Farinelli, A., Iocchi, L., Nardi, D., & Ziparo, V. A. (2006). Assignment of dynamically perceived tasks by token passing in multirobot systems. In Proceedings of the IEEE, Special Issue on Multirobot Systems.
 Gerkey, B. P., & Matarić, M. J. (2004). A formal analysis and taxonomy of task allocation in multirobot systems. International Journal of Robotics Research, 23(9), 939–954. CrossRef
 Giordani, S., Lujak, M., & Martinelli, F. (2010). A distributed algorithm for the multirobot task allocation problem. LNCS: Trends in Applied Intelligent Systems, 6096, 721–730. CrossRef
 Goldberg, A. V., & Kennedy, R. (1995). An efficient cost scaling algorithm for the assignment problem. Mathematics Programs, 71(2), 153–177. CrossRef
 Golfarelli, M., Maio, D., & Rizzi, S. (1997). Multiagent path planning based on taskswap negotiation (pp. 69–82). In Proceedings of the UK Planning and Scheduling Special Interest Group, Workshop.
 Koenig, S., Keskinocak, P., & Tovey, C. A. (2010). Progress on agent coordination with cooperative auctions. In Proceedings of the AAAI.
 Kuhn, H. W. (1955). The Hungarian method for the assignment problem. Naval Research Logistic Quarterly, 2, 83–97. CrossRef
 Lagoudakis, M. G., Markakis, E., Kempe, D., Keskinocak, P., Kleywegt, A., Koenig, S., et al. (2005). Auctionbased multirobot routing. In Robotics: Science and Systems. Cambridge: MIT Press.
 Liu, L., & Shell, D. (2011). Assessing optimal assignment under uncertainty: An intervalbased algorithm. International Journal of Robotics Research, 30(7), 936–953. CrossRef
 Liu, L., & Shell, D. (2012a). A distributable and computationflexible assignment algorithm: From local task swapping to global optimality. In Proceedings of Robotics: Science and Systems, Sydney, Australia.
 Liu, L., & Shell, D. (2012b). Largescale multirobot task allocation via dynamic partitioning and distribution. Autonomous Robots, 33(3), 291–307. CrossRef
 Nanjanath, M., & Gini, M. (2006). Dynamic task allocation for robots via auctions (pp. 2781–2786). In Proceedings of the ICRA.
 Parker, L. E. (2008). Multiple mobile robot systems. In B. Siciliano & O. Khatib (Eds.), Handbook of robotics chapter 40. Berlin: Springer.
 Sandholm, T. (1998). Contract types for satisficing task allocation: I Theoretical results (pp. 68–75). In Proceedings of the AAAI Spring Symposium: Satisficing Models.
 Sariel, S., & Balch, T. (2006). A distributed multirobot cooperation framework for real time task achievement. In Proceedings of Distributed Autonomous Robotic Systems.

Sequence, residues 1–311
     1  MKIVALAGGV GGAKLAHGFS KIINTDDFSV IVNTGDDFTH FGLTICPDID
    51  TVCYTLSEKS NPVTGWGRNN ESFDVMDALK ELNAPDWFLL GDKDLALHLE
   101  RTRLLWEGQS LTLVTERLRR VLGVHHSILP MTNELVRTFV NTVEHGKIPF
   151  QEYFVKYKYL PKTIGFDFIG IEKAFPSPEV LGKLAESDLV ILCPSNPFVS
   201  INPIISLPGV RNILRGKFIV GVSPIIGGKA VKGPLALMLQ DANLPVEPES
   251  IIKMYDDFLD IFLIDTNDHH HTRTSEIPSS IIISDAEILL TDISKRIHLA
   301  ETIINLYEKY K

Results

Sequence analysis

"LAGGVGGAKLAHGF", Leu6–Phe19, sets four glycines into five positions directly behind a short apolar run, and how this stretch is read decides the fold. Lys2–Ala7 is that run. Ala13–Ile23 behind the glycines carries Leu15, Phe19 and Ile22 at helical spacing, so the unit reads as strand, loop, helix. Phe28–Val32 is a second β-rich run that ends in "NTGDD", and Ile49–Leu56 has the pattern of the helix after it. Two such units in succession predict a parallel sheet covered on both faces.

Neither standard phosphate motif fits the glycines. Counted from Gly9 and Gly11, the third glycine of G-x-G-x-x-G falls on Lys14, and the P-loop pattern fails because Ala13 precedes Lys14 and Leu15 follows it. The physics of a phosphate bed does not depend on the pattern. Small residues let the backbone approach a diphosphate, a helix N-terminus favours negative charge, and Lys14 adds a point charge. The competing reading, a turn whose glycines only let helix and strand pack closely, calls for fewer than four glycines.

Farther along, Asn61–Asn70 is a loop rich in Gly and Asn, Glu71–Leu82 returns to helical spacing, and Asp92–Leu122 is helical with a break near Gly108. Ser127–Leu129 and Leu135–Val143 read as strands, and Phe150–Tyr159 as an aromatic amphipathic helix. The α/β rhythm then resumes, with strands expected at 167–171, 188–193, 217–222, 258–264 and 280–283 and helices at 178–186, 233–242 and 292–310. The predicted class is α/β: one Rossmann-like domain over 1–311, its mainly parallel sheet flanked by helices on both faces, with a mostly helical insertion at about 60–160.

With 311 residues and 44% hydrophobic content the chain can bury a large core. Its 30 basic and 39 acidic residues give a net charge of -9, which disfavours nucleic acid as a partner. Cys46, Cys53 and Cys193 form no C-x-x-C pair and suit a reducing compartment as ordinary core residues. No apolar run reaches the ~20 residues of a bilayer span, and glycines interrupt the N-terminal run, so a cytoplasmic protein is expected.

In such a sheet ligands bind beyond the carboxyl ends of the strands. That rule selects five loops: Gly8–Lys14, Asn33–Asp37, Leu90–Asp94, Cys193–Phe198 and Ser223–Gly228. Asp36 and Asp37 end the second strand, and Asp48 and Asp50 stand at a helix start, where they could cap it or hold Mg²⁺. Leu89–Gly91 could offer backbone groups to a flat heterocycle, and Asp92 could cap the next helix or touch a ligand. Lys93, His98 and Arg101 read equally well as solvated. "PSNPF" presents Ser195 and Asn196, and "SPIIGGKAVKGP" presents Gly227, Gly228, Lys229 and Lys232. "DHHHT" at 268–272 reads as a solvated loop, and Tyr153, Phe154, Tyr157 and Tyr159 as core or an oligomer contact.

Stone, P., Kaminka, G. A., Kraus, S., & Rosenschein, J. S. (2010). Ad Hoc autonomous agent teams: Collaboration without precoordination. In Proceedings of the AAAI.
 Thomas, L., Rachid, A., & Simon, L. (2004). A distributed tasks allocation scheme in multiUAV context (pp. 3622–3627). In Proceedings of the ICRA.
 Wawerla, J., & Vaughan, R. T. (2009). Robot task switching under diminishing returns (pp. 5033–5038). In Proceedings of the 2009 IEEE/RSJ international conference on Intelligent robots and systems, IROS’09.
 Zavlanos, M. M., Spesivtsev, L., & Pappas, G. J. (2008). A distributed auction algorithm for the assignment problem. In Proceedings of the CDC.
 Zheng, X., & Koenig, S. (2009). Kswaps: cooperative negotiation for solving taskallocation problems (pp. 373–378). In Proceedings of the International Joint Conferences on Artificial Intelligence (IJCAI).
 Zilberstein, S. (1996). Using anytime algorithms in intelligent systems. AI Magazine, 17(3), 73–83.
 Title
 An anytime assignment algorithm: From local task swapping to global optimality
 Journal

Autonomous Robots
Volume 35, Issue 4 , pp 271286
 Cover Date
 20131101
 DOI
 10.1007/s1051401393512
 Print ISSN
 09295593
 Online ISSN
 15737527
 Publisher
 Springer US
 Additional Links
 Topics
 Keywords

 Multirobot task allocation
 Decentralized assignment
 Anytime algorithms
 Task swapping
 Industry Sectors
 Authors

 Lantao Liu ^{(1)}
 Dylan A. Shell ^{(1)}
 Author Affiliations

 1. Department of Computer Science and Engineering, Texas A&M University, College Station, TX, USA